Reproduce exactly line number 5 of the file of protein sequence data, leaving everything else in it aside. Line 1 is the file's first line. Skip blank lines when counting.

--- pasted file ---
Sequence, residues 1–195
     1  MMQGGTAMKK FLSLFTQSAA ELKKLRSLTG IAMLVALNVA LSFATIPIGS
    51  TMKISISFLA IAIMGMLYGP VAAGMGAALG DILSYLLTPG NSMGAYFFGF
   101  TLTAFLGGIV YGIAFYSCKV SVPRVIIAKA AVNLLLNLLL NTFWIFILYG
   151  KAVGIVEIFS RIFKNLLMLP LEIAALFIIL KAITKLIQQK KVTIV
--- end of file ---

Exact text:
   151  KAVGIVEIFS RIFKNLLMLP LEIAALFIIL KAITKLIQQK KVTIV